You Don’t Have To Be a Serious Writer


I write serious fiction. My work is offbeat, but it’s still within the sphere of the literary establishment. However, I dislike the attitude that permeates certain circles, one that believes that literary fiction is more important than other types of fiction, or is the only type of quality fiction.

I think that much of this attitude is borne out of the academy. If you’re enrolled in a Creative Writing program in your undergraduate career, or if you are pursuing an MFA, you’re going to learn craft, and most likely, you will become skilled in the technical component of writing fiction. However, you also may consciously or subconsciously start picking up on the cues of the kind of writing that a serious writer should and shouldn’t write. That’s why it can be confining to write for a literary audience – the parameters are not nearly as wide as for the audience for literature as a whole.

A writer should write whatever story she feels called to put on the page. Of course, it should be technically sound. However, it doesn’t have to be limited to stories about serious people dealing with serious situations within the tradition of realism, and hefty with a subtle philosophical weight. Your work can be light, it can be a romance, or a mystery, or pulpy, or fantastical, or belligerent. As long as your writing is sharp, as long as your writing is fresh, you ought to feel pretty satisfied, regardless of whether your work would be deemed “serious” fiction or not.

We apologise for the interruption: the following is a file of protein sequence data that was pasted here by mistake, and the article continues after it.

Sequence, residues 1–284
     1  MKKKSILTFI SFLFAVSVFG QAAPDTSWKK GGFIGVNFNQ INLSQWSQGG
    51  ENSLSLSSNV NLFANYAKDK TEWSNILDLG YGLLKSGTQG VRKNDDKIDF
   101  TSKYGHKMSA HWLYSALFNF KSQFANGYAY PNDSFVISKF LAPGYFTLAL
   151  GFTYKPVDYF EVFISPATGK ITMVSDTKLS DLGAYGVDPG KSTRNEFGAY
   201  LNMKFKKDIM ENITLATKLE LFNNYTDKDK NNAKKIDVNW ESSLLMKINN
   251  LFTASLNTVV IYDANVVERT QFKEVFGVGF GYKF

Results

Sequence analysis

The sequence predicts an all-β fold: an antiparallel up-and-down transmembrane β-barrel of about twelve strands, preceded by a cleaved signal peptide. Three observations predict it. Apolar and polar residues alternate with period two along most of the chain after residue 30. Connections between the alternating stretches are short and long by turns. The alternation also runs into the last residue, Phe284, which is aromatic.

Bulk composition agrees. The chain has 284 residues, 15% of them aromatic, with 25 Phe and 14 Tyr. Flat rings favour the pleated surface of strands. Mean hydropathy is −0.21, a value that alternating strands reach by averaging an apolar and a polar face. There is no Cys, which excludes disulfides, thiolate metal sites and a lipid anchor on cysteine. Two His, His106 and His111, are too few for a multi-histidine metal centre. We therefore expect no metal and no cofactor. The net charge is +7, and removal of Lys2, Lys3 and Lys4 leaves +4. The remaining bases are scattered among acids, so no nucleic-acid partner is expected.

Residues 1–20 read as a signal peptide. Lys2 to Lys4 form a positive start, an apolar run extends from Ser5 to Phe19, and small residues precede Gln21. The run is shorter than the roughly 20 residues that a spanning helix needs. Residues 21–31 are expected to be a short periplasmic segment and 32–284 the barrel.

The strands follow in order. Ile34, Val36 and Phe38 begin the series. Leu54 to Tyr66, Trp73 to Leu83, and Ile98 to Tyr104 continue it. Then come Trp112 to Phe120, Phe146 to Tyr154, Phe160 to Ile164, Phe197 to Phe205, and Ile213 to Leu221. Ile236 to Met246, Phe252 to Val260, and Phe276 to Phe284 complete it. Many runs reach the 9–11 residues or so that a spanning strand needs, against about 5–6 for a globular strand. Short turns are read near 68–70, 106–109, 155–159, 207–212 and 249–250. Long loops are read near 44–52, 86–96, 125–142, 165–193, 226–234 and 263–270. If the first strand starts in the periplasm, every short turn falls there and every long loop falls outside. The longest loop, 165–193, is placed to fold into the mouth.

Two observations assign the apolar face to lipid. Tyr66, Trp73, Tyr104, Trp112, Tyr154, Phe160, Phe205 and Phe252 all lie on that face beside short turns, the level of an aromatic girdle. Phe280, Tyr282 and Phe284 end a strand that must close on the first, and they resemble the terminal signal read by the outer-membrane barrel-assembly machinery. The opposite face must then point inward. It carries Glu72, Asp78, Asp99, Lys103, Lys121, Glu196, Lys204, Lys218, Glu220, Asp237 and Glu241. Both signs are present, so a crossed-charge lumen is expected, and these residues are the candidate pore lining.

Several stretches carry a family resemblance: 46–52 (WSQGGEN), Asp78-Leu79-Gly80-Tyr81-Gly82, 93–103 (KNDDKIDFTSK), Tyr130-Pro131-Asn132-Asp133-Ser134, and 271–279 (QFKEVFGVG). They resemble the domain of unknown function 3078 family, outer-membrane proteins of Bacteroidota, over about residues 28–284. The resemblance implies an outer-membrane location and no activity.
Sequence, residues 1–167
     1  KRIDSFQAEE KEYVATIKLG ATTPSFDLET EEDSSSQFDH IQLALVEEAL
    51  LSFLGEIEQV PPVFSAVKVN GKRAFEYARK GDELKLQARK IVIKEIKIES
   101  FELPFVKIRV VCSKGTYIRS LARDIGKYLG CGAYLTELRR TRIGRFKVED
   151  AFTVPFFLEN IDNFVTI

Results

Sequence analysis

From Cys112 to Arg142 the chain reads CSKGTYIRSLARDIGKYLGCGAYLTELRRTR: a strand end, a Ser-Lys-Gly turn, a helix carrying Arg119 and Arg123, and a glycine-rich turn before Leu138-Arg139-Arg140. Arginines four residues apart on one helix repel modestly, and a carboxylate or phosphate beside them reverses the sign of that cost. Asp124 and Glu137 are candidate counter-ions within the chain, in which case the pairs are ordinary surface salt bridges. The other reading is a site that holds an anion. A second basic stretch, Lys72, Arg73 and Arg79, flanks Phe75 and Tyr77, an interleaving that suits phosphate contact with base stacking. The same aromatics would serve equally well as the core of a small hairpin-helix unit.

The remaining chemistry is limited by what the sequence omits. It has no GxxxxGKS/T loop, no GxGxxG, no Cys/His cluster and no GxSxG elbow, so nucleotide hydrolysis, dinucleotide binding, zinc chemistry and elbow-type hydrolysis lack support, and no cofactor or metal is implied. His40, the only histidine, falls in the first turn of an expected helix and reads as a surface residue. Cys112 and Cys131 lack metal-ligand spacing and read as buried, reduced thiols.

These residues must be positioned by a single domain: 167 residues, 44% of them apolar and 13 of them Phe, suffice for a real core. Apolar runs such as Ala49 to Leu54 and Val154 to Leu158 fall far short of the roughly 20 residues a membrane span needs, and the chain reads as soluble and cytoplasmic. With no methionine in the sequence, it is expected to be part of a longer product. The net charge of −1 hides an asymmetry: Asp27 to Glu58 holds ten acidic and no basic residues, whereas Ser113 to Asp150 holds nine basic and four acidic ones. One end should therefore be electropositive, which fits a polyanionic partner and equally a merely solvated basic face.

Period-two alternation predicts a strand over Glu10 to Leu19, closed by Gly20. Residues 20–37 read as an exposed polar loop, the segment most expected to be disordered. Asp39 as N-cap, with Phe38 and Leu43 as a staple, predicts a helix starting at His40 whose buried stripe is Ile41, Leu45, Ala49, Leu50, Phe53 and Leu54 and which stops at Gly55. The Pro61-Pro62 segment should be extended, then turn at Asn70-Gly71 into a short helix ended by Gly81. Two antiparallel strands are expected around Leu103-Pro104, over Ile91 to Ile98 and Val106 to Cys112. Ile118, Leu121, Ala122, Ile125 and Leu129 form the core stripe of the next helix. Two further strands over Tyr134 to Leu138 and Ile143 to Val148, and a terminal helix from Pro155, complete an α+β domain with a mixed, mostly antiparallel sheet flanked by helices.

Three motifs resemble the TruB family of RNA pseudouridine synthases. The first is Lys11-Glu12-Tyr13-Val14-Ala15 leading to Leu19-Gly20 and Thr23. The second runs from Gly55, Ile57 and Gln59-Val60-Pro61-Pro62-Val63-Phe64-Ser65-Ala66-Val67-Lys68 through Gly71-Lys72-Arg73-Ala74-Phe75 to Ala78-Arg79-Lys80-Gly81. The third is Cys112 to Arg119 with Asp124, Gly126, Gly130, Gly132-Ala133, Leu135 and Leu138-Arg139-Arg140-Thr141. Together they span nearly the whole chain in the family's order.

What’s your take on this? Do you write literary fiction? Am I going too far? Do you write mainstream or genre fiction? Have you ever felt slighted by the literary establishment? 

Six Mistakes That Publishers Hate


As an aspiring writer attempting to build a name, you don’t want to irritate publishers. There are many mistakes that publishers hate. Please make sure to avoid the following:

1. Responding to Rejections – If your writing is rejected by a publisher, don’t respond to the rejection under any circumstances. A response is inappropriate. A response trying to convince a publisher otherwise, insulting them for passing on your writing, or bemoaning the rejection is a huge faux pas.

2. Poorly Edited Material – Even if your concept is interesting, if your writing is poorly executed, you’re wasting a publisher’s time – and your own. You must have your fiction edited before sending your work out to a publisher. There’s no way around this step.

3. Material That’s An Inappropriate Fit – How do you imagine a publisher would feel if they had to reject (as they will) the most amazing piece they’ve ever read because it’s totally incongruous with their style? Show some respect and submit your writing to appropriate markets.

4. Fanfiction – I don’t really need to say anything more – it’s called copyright.

5. Ignoring Submission Guidelines – You can’t send seven poems to a literary magazine if they ask writers to send no more than three. You can’t send a short fiction piece as an attachment if the literary journal wants it copied in the body of an email. Always read the submission guidelines before submitting, and make sure to follow them.

6. Unprofessional Query/Cover Letters – You’re not displaying personality, all you’re doing is showing a lack of professionalism. A too informal cover letter rubs many publishers the wrong way, even when submitting somewhere that appreciates edgy work or presents itself on their website as rather informal. You’ll be seen as an amateur, regardless of the quality of your writing.

Have you ever made any of these mistakes? It’s time to ‘fess up about your tragic experiences so that other aspiring writers can avoid making the same errors.

I imagine that sharing these experiences will also have a cathartic effect, but don’t quote me on that…